Half-Caste

Half-Caste

Half-Caste

Like the first two poems, 'Half-Caste' is a poem about how language can be used to control, hurt, suppress and demean people.

Agard takes the until-recently common term 'half-caste' and unpacks it of its prejudiced associations. With great verve and energy he demolishes these associations, presenting instead 'mixture' as an essential part of nature and great art.

Agard is attacking full-on racism and a mind-set that believes in racial segregation. He makes such ideas seem as absurd and foolish as they are. His tone is commanding 'Explain yuself', 'what yu mean', and the rhythm is emphatic, beating out its rhymes with confidence.

Like Leonard, Agard uses phonetic spelling to create the sense of a spoken voice. Here the accent is Afro-Caribbean. But Agard also uses many more recognisable standard words. The language of the poem is a mixture of English's.

Like Leonard, Agard rejects conventional punctuation; there isn't a comma or full-stop in the whole poem.

This reflects his rejection of the sort of 'conventional' ideas that produced the term 'half-caste'.

It's a wonderful poem to listen to. And any chance to see John Agard perform live should not be missed. When you listen to this reading concentrate especially on the rhythm and the tone of the poem.

The poem is like a challenge addressed to someone who holds prejudiced views. Agard repeatedly tells the person to 'explain yuself', and asks them 'what yu mean' when they use the term 'half-caste'.

The tone is confrontational, angry. The repetition of the command and question create the effect that the other person is unable to explain them his or herself, or answer the question.

Agard uses three examples to show how mixing things together can be creative and natural.

What are these examples?

music

Why do you think he used these particular examples?

Agard uses a mixture of standard and dialect English. He is mixing two different types of English, and two different cultures, together to create a new original sound.

In other words, the language of the poem enacts the idea of mixture being a good thing.

Agard also uses irony to show up the stupidity of racist attitudes. It makes the racist views seem stupid...

Quote: Meaning:
I'm sure you'll understand You ought to understand but you're either too stupid or too prejudiced. Because of this you probably won't understand.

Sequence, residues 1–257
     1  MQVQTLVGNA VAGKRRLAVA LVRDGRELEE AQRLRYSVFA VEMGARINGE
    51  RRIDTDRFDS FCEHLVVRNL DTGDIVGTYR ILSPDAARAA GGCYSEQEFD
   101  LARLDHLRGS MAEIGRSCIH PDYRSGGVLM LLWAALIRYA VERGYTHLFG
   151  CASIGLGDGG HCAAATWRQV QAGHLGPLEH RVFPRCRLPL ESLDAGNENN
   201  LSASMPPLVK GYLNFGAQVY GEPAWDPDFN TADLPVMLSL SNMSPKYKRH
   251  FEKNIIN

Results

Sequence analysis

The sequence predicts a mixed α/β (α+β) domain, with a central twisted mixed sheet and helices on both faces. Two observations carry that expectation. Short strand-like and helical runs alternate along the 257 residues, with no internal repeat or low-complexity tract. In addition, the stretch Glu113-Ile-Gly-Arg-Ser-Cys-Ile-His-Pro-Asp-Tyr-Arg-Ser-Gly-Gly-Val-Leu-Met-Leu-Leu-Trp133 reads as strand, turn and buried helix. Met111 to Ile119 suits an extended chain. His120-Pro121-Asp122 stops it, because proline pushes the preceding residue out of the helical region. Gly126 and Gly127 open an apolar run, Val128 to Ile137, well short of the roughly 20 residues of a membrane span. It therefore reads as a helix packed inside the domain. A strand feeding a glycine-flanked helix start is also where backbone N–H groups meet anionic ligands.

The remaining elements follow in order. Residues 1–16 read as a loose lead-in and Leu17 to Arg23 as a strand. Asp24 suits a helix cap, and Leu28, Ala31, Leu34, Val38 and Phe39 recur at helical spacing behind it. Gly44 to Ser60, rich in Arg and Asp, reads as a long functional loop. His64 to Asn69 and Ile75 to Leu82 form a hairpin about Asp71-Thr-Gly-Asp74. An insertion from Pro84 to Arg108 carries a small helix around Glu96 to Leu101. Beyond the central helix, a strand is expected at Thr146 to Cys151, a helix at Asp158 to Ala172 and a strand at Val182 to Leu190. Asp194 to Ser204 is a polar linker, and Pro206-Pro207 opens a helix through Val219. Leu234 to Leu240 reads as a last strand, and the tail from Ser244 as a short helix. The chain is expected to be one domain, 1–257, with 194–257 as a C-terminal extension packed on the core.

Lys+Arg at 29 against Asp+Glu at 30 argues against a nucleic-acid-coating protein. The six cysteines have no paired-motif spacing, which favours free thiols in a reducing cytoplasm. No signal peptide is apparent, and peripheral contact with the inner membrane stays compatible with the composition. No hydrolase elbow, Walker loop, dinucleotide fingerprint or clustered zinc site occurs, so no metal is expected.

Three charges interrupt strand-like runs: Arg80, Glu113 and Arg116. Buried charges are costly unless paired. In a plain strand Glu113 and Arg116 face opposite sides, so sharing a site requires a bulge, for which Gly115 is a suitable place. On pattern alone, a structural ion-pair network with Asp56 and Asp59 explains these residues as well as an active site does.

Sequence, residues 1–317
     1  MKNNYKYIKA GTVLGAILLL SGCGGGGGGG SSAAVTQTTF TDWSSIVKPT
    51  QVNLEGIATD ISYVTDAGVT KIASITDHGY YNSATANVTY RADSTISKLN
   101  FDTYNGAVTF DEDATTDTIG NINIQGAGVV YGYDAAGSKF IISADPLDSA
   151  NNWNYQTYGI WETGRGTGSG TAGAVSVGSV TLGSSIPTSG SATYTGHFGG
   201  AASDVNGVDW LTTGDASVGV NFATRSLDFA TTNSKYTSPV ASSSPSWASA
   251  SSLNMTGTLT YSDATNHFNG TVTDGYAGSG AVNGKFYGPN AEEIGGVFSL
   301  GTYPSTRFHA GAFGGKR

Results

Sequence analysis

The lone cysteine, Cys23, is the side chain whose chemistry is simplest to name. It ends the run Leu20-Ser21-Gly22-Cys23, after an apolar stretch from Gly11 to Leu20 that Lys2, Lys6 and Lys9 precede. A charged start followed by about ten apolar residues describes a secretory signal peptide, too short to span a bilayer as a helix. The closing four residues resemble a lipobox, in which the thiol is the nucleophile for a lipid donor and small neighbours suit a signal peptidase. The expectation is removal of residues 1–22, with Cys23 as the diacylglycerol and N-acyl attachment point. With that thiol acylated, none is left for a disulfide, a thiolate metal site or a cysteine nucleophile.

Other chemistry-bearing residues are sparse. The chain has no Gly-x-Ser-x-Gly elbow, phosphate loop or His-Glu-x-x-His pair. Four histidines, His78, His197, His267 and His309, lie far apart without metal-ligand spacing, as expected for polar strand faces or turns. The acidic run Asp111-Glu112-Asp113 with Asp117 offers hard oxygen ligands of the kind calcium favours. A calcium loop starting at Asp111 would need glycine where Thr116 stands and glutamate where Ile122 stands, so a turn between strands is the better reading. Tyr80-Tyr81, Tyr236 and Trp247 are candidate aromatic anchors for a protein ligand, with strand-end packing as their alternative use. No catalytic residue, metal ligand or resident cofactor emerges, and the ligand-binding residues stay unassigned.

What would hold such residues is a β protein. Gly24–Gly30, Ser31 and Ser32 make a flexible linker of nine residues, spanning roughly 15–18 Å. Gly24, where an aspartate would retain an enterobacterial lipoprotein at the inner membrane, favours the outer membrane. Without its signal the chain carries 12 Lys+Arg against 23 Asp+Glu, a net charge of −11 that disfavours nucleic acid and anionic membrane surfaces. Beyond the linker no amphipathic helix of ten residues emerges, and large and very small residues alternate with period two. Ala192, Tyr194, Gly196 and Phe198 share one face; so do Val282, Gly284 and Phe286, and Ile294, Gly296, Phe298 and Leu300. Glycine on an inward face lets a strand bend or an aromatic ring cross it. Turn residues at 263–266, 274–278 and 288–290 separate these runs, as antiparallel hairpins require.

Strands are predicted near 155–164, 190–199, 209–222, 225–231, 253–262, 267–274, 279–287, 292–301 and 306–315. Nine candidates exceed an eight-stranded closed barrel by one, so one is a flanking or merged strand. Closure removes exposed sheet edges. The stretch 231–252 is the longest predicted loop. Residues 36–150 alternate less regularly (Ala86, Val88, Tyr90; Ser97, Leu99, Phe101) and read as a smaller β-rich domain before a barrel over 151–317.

Consequently when I dream I dream half-a-dream Why should my dreams be 'half' dreams? My thoughts and hopes are at least as valid as yours are.
I half-caste human being Cast half-a-shadow I'm just as much of a full human being as anyone else. I'm not lesser or inferior.

Agard also suggests that racists are actually not thinking properly or paying full attention. In the last stanza he tells them to use the 'whole of yu eye / an de whole of yu ear / an de whole of yu mind' to understand his experience.

In all poetry questions you will be asked to write about the following:

  • The subject(s) of the poem
  • The attitude of the poet
  • The poetic devices the poet uses

In other words, you will be asked about what the poet is writing about, what the poet feels about the subject(s) and how the poem is written.

Subject
The poem is about prejudice. It attacks people for holding racist, separatist views. It shows these views to be offensive and poorly thought through. In particular Agard homes in on how language can be used to re-enforce racist thinking, using the word 'half-caste' to illustrate his point. This word was commonly used until fairly recently and shows that racist views can reach wider into society than is comfortable to acknowledge.

Attitude
The poem is a powerful expression of Agard's anger and frustration with racist thinking.
The tone is one of confrontation, of a clear challenge to racist people to try to justify their opinions.
Despite the strong feelings there is also humour in the poem. The opening image, for example, is jokey, absurd. Agard also uses irony in the fourth stanza.

Style
Agard uses a mixture of language. The poem is clearly written in an Afro-Caribbean dialect, but this is modified so that it is easily understandable to other English users.
Lines like 'ah rass', and 'some o dem' are mixed with the standard 'I'm sure you'll understand.'
The form and rhythm of the poem is irregular. Agard imposes his own voice and the rhythms of West Indian culture on English language and poetry.

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